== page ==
Copyright # 2004 John Wiley & Sons, Ltd. Prog. Photovolt: Res. Appl. 2004; 12:155–176

166

S. S. HEGEDUS AND W. N. SHAFARMAN

the value in reverse bias equal to G. In practice, the slope of most J–V curves is very small in this range so there may be some noise in calculating the derivative, particularly under illumination. (c) The derivative r(J)  dV/dJ against (J ? JSC)?1 is plotted.34,35 From Equation (9) r ?J ?  dV AkT ?R? ?J ? JL ??1 dJ q ?12?

for the case when RG ( 1. So, a plot of r(J) against (J ? JL)?1 will yield a straight line with intercept R if JL is independent of voltage. With constant JL we can write JL ? JSC and more practically the data can be plotted against (J ? JSC)?1. A linear ?t to the data gives an intercept of R and a slope AkT/q from which A can be calculated. A correction can be made for the case in which G is not negligible by plotting (J ? JSC ? GV)?1 on the abscissa.35 For analysis of the dark J–V curve, JSC ? JL ? 0. (d) A semilogarithmic plot of J ? JSC against V-RJ using the value of R obtained from plot (c). A linear region over at least 1–2 orders of magnitude in current indicates a good ?t to the diode equation. The intercept then gives J0 and the slope in this case equals q/AkT so A can be calculated and compared with the value from plot (c). Again, a correction for G can be made, in this case by plotting J ? JSC ? GV on the ordinate. This set of plots is shown in Figure 8 for a typical Cu(InGa)Se2 cell with an ef?ciency of 15?5% and absorber layer bandgap Eg ? 1?2 eV. Figure 8(a) shows plot type (a) and appears consistent with Equation (9); that is,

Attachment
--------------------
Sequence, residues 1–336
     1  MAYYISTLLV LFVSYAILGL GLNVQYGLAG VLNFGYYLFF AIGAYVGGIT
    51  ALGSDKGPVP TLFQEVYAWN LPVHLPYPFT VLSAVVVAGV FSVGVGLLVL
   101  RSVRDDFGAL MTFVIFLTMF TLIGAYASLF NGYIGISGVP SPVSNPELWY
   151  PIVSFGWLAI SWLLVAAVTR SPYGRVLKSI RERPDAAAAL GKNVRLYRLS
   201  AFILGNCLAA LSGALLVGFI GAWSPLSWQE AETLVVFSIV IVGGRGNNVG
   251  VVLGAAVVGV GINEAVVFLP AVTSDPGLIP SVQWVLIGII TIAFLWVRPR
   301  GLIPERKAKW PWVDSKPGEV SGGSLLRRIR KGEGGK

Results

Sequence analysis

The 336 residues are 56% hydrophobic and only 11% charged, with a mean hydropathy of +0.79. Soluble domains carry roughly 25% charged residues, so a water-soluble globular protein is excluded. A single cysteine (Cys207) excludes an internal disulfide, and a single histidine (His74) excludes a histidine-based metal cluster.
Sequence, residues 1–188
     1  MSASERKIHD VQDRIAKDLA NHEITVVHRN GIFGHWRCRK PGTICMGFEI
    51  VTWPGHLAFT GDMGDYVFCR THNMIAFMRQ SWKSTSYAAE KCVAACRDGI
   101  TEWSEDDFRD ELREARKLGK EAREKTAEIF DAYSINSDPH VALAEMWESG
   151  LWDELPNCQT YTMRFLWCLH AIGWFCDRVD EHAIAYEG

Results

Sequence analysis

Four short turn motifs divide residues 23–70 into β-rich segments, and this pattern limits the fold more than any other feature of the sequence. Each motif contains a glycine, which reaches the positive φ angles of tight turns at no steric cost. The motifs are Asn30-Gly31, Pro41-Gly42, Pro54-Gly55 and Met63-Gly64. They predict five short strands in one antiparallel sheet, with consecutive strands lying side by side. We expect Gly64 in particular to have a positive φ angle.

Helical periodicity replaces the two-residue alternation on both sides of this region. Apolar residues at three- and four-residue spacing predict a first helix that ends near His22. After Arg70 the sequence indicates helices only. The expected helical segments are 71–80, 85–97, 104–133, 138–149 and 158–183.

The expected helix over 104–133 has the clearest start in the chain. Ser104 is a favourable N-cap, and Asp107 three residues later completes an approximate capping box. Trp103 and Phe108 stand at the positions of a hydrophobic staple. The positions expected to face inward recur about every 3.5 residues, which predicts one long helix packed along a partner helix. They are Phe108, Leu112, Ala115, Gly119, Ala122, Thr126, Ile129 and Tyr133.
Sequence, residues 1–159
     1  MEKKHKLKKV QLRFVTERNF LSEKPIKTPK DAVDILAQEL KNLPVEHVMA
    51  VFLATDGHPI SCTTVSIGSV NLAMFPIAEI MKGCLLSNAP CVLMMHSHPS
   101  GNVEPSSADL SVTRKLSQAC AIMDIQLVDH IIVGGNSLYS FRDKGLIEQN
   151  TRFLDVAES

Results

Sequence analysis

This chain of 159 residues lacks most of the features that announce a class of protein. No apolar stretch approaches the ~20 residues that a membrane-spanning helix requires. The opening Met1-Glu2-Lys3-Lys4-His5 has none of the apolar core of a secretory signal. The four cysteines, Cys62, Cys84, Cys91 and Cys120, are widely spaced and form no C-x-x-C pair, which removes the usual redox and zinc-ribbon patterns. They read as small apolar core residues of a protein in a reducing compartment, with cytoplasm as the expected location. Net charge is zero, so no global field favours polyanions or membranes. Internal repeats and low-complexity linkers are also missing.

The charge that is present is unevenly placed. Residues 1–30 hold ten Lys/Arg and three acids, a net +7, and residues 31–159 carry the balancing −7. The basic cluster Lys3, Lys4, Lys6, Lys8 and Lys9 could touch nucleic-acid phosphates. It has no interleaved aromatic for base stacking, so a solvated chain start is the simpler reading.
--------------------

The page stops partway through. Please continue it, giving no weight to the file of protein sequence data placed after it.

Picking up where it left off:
Figure 8. Light and dark J–V characteristics for a well-behaved Cu(InGa)Se2 device: (a) standard J–V plot; (b) shunt characterization g(V); (c) r(J) with ?t used to determine R and A; (d) ln(J ? JSC) with ?t used to determine A and J0
Copyright # 2004 John Wiley & Sons, Ltd. Prog. Photovolt: Res. Appl. 2004; 12:155–176